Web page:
Interpreting Satellite Infrared and Visible Images.
How does the thickness of a cloud change the way it looks from the satellite?
The image to the left is an example of a visible image made from a radiometer flown on the GOES-8 satellite. This image is in the visible part of the spectrum, and measures the amount of solar energy reflected by objects. (Why aren't visible images shown on evening weather reports?) A piece of this image has been extracted and appears as a square below the larger satellite image. This portion of the image contains a cloud and some clear sky areas. You can change the appearance of this extracted image by changing the cloud thickness, which changes the amount of water suspended in the cloud, or the surface temperature. You do this by moving the sliding scales (scroll bars) accompanying the picture on the right.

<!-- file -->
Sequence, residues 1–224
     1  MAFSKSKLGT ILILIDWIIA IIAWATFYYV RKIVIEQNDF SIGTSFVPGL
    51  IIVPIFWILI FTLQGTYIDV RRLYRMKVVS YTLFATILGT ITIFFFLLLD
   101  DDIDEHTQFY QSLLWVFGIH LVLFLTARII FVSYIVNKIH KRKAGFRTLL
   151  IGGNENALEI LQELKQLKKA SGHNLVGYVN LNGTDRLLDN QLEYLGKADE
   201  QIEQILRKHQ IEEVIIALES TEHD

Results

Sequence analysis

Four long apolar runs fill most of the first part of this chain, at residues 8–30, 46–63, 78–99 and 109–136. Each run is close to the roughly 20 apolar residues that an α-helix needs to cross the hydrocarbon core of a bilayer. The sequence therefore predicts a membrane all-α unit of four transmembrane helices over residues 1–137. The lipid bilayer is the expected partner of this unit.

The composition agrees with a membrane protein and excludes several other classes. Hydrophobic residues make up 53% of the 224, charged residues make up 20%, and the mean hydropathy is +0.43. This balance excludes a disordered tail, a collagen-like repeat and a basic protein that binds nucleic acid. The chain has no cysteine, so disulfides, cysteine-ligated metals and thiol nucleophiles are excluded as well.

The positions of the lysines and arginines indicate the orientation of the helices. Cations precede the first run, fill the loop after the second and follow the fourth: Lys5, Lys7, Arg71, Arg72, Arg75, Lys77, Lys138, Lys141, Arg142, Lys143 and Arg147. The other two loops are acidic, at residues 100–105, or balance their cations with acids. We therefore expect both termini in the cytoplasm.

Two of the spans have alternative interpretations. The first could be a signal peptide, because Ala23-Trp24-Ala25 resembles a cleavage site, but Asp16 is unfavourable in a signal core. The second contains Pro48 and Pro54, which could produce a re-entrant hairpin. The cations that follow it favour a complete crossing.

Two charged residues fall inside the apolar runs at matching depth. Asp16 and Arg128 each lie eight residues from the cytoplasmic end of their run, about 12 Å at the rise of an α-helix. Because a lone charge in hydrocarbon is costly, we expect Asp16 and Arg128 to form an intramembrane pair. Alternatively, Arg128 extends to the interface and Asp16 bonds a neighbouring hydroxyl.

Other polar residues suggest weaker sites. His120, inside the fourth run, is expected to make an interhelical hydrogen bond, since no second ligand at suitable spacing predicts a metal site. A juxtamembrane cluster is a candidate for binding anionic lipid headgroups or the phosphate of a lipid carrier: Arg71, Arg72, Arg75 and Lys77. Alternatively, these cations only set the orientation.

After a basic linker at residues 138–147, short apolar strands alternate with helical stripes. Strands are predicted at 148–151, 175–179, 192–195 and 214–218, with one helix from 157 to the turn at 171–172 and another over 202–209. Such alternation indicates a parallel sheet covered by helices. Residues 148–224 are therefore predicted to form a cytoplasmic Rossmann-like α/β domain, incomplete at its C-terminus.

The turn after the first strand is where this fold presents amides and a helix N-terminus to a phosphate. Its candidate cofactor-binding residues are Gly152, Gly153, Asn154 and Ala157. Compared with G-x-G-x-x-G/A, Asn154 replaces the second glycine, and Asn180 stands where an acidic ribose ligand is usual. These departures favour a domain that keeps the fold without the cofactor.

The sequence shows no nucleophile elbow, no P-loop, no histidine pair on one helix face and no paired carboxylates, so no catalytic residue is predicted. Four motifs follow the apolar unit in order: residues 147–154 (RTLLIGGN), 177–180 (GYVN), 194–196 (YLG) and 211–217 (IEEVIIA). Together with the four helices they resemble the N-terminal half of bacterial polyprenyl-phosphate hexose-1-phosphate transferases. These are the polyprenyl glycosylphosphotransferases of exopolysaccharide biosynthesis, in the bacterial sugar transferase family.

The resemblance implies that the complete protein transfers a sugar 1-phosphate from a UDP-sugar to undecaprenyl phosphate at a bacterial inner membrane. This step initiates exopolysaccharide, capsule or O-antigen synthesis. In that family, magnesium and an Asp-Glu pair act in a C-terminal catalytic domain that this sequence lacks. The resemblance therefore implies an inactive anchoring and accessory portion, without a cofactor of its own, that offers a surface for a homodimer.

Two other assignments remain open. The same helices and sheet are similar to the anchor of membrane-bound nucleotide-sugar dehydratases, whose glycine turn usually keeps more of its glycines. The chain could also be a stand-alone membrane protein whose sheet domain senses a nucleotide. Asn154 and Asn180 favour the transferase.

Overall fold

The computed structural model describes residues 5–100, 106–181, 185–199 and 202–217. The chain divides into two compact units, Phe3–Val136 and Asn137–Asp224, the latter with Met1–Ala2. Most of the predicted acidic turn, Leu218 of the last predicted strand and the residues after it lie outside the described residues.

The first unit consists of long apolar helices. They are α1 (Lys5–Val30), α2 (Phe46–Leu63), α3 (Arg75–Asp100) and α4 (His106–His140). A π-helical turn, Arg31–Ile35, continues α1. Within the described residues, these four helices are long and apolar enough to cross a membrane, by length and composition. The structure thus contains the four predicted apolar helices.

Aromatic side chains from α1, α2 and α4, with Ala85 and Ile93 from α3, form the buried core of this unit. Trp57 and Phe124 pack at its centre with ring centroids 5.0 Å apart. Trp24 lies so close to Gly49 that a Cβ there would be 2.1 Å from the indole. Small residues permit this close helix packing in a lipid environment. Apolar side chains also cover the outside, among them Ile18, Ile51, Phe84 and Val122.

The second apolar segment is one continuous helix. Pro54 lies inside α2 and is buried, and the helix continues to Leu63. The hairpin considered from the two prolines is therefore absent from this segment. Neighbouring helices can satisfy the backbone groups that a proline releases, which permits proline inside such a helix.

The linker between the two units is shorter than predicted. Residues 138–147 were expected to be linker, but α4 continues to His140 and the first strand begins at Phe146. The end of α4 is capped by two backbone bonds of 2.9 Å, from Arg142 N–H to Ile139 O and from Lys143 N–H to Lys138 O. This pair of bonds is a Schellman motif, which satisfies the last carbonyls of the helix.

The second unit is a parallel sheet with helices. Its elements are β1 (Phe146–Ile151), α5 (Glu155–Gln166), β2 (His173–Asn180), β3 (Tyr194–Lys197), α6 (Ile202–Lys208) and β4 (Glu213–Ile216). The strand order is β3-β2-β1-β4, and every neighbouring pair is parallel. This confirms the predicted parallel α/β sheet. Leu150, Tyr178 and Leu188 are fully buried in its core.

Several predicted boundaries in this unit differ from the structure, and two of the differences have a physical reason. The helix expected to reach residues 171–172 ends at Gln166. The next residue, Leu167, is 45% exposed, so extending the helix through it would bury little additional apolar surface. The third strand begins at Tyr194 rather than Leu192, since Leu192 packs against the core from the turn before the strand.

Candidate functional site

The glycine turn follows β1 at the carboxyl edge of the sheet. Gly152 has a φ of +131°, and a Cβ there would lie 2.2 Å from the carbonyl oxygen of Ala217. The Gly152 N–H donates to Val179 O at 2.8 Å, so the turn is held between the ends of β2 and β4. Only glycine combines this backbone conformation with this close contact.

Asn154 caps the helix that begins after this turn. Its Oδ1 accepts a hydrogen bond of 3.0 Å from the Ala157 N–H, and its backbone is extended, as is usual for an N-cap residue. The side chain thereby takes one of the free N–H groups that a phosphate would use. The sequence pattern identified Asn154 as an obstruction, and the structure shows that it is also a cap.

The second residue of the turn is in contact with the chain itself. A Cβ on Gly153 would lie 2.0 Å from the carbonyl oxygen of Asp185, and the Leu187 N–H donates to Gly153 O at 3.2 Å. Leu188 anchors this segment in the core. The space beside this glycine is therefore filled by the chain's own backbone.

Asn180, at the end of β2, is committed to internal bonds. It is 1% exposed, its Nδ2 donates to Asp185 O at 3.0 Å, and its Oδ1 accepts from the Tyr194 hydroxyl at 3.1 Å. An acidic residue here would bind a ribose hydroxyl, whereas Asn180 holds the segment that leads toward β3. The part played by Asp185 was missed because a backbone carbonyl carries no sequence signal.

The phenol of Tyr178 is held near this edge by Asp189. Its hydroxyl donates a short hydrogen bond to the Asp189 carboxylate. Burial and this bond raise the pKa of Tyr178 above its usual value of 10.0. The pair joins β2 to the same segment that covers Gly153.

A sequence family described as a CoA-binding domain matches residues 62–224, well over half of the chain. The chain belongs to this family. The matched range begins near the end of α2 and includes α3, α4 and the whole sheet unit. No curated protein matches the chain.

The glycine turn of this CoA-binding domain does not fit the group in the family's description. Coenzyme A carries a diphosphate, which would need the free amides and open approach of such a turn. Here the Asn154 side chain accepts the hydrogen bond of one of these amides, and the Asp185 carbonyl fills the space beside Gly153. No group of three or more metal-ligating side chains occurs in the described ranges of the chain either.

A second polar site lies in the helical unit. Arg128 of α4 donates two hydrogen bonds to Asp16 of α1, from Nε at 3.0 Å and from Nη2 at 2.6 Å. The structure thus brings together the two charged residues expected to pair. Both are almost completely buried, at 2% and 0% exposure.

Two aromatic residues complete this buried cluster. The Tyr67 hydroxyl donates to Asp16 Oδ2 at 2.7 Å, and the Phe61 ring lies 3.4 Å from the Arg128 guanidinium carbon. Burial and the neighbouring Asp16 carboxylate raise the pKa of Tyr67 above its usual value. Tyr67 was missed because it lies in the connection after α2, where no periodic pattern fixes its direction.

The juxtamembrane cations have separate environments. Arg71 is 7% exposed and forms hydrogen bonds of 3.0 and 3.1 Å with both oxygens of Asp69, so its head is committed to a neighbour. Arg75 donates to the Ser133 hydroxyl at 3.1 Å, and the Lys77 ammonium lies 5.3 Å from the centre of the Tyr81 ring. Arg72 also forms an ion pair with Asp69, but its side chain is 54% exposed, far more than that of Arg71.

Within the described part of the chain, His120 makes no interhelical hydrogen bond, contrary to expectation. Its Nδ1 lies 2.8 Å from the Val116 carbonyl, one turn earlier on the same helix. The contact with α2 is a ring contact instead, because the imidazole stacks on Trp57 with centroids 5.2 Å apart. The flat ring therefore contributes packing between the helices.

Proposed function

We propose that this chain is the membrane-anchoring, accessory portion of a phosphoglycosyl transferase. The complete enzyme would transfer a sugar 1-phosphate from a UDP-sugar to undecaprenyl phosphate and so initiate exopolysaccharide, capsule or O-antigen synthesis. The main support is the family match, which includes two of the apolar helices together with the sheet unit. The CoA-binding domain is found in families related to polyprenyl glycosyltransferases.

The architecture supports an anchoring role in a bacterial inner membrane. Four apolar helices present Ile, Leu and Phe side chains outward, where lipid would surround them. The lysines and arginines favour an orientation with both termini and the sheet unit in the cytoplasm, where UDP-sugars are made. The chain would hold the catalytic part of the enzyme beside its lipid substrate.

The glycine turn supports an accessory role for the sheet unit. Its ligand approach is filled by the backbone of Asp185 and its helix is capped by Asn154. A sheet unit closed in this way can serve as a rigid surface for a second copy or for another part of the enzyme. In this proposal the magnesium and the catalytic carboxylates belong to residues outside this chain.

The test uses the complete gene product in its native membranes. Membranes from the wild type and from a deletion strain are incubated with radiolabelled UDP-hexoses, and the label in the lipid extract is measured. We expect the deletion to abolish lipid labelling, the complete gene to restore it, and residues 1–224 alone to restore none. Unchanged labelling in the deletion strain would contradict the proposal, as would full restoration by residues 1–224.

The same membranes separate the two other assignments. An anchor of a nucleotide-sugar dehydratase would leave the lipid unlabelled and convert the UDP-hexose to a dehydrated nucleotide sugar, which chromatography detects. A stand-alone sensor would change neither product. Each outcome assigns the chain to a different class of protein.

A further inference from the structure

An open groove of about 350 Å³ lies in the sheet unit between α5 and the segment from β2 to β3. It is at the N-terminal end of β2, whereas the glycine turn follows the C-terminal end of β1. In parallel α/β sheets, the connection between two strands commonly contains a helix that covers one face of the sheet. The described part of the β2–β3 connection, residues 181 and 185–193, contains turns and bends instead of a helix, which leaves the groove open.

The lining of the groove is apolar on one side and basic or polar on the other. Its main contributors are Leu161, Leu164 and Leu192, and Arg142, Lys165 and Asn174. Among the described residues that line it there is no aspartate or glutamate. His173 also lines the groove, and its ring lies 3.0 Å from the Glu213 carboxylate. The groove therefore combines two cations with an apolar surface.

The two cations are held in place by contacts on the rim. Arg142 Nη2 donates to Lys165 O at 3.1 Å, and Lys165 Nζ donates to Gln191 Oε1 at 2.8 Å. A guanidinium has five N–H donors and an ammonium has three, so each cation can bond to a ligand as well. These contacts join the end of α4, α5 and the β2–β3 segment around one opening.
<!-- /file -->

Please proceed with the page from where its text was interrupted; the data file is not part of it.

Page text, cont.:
You can modify the surface characteristics which will, in turn, alter the brightness of the cloud-free scene, by using the horizontal sliding scale.